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Wheelchair bound woman hit by train remains critical

Published: 5:39AM Tuesday February 26, 2013 Source: ONE News

A young woman remains in a critical condition in hospital following a horrific accident at an Auckland train crossing.

The woman was trying to cross tracks in her electric wheelchair at Morningside Station, when her wheels became stuck in the tracks.

She was clipped by a freight train and thrown from her wheelchair despite efforts by passersby to free her.

Two runners said they tried "madly" to save the woman from an approaching train.

An eyewitness told ONE News he saw the woman try to cross the tracks shortly after 9am.

He said the woman's wheelchair became stuck in the track but it was not long before two runners, a man and a woman, came to her aid.

"Then the runners were trying to pick the lady off the track but the train was approaching quite quickly," he told ONE News.

"They were panicking, really trying to madly get this lady out of there."

The witness said "they somehow managed to get her out of the chair" but that "she got hit and the runner, the lady got hit as well".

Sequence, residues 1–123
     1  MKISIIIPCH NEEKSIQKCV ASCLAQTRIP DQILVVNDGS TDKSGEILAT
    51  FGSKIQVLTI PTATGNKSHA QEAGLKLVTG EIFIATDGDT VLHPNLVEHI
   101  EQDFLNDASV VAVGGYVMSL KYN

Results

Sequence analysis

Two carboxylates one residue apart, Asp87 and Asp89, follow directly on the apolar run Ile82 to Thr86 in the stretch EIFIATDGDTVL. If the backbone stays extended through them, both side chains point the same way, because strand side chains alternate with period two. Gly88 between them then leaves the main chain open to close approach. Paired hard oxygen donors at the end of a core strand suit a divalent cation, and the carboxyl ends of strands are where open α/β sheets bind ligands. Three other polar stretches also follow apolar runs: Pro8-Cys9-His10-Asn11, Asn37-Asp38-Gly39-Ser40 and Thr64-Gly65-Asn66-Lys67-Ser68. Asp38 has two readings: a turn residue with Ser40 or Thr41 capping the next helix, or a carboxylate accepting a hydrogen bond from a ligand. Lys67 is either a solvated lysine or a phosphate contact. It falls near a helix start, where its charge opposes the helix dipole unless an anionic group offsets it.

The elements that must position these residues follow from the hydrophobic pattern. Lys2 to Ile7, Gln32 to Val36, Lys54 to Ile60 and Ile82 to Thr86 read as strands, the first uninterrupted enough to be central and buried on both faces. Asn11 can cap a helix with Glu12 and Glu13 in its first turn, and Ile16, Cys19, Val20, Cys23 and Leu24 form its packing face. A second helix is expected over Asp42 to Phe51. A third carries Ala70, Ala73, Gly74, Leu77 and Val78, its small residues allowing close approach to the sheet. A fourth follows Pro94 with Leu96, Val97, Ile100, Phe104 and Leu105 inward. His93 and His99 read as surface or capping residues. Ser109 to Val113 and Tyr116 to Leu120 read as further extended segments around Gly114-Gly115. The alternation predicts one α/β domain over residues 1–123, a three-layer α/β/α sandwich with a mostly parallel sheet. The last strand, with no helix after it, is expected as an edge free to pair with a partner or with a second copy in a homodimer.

He said the wheelchair bound woman was unconscious and "severely injured", while the runners were in a state of shock.

Bystanders tried to reassure the trio and keep them warm until emergency services arrived.

"It's not a pretty sight to see someone like that," the man told ONE News.

The wheelchair bound woman was transferred to Auckland Hospital with serious injuries. One of the runners has been taken to hospital with minor injuries.

Another witness told ONE News that the female runner "got hurt as well when she got thrown around".

Uneven surface

A woman who has worked with Kiwirail to improve railway crossing for disabled people says she would never recommend the Morningside Train Station crossing.

"It's not a crossing I would recommend to anybody with mobility impairment, whether walking or wheeling, to cross," said Vivian Naylor.

Kiwirail say the path was upgraded in 2011 but there would always be some gaps and uneven patches.

"There will always be some gaps and there will always be some bumping because of keeping everything exactly right on grade is not always the easiest thing but we would expect it to work," said Kiwirail chief executive Jim Quinn.

ONE News visited the site with Naylor but she was ordered to stay off the crossing by a Kiwirail staff member.

An investigation into the incident is underway.